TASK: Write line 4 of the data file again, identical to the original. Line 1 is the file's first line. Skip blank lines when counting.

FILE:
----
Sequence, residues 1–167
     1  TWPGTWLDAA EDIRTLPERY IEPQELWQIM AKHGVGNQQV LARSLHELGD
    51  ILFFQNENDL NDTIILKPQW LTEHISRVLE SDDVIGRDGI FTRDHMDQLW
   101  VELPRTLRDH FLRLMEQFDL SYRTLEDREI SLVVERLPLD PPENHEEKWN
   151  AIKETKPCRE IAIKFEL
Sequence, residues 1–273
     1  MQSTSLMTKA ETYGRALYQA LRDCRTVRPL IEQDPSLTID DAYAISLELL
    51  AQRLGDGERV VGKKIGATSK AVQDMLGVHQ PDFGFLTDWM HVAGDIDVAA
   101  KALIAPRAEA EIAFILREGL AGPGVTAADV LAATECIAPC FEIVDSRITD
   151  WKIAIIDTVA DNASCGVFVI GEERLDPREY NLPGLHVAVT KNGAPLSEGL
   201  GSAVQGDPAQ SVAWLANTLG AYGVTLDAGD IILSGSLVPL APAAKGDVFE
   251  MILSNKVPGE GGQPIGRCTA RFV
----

   101  VELPRTLRDH FLRLMEQFDL SYRTLEDREI SLVVERLPLD PPENHEEKWN